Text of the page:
Boot, Mukluk, rubber/nylon, used during the Australia New Zealand Antarctic Research Expedition, Antarctica, 1966
This object was donated by Peter G Towson, geophysicist and one of 26 expeditioners forming the winter party to the Australia New Zealand Antarctic Research Expeditions (ANARE) Mawson station in 1966. The scientific program included biology, oceanography, geophysics, glaciology, meteorology and upper atmosphere physics.
Established in 1954, Mawson station is Australia's first permanent station on the Antarctic continent. The site was selected by Phillip Law, Director of the Antarctic Division from 1949-1966, who named the station after Sir Douglas Mawson, Antarctic explorer and a member of the Executive Planning Committee.
Conditions on Antarctica are physically demanding, with temperatures at Mawson at times plummeting to below -30 degrees celcius and wind-speeds reach over 180 km/hr. Appropriate clothing is therefore essential in facing severe Antarctic conditions, in particular the outer protective layer which protects the wearer from wind chill.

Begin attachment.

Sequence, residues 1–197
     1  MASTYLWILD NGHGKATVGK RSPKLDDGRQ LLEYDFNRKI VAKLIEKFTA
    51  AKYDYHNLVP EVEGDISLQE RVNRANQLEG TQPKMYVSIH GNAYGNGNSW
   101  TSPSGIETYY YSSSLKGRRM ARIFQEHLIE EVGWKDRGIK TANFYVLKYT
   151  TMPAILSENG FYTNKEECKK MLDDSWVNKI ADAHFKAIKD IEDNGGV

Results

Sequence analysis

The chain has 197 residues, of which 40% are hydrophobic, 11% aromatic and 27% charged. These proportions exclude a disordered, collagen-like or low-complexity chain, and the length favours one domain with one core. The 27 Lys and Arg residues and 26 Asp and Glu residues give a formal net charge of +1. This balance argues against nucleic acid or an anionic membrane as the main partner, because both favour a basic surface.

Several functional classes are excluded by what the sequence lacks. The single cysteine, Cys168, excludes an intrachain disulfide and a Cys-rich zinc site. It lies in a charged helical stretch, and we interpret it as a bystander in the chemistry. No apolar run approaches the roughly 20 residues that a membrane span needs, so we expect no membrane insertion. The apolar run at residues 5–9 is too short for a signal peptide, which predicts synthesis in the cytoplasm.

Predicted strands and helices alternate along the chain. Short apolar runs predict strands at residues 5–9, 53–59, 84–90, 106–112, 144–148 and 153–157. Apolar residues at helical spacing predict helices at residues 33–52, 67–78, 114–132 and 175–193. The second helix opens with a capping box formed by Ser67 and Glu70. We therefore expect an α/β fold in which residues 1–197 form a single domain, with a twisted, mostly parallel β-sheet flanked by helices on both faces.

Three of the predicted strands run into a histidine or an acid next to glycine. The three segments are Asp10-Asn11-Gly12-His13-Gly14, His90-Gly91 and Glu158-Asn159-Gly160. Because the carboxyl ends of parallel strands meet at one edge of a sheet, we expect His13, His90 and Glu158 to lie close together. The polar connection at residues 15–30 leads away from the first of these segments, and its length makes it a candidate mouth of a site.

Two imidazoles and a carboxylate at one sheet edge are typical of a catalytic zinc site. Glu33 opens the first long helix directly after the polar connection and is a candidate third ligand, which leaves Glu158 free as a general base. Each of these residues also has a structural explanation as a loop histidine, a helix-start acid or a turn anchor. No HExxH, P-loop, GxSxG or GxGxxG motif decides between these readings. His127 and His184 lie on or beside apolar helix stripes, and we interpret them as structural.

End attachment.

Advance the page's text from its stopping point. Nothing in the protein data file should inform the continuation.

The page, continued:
Part of a complete set of outer-clothing issued to scientists on the 1966 Mason expedition, this object reflects some of the equipment necessary to survive and work in the harsh climactic conditions of Antarctica. In addition it forms part of a collection that signifies Australia's immense contribution to exploration and scientific research of the Antarctic region.
Australian Government Antarctic Division, http://www.aad.gov.au
Haywood, Elizabeth, 'Australian Antarctica: Celebrating fifty years of Australian National Antarctic Research Expeditions', Australia Post, 1997
This object constitutes part of a complete set of outer clothing issued to scientists on the Australian National Antarctic Research Expedition at Mawson Base, Antarctica in 1966. It was donated to the Museum in 1985 by Dr Peter Towson, geophysicist to the research party.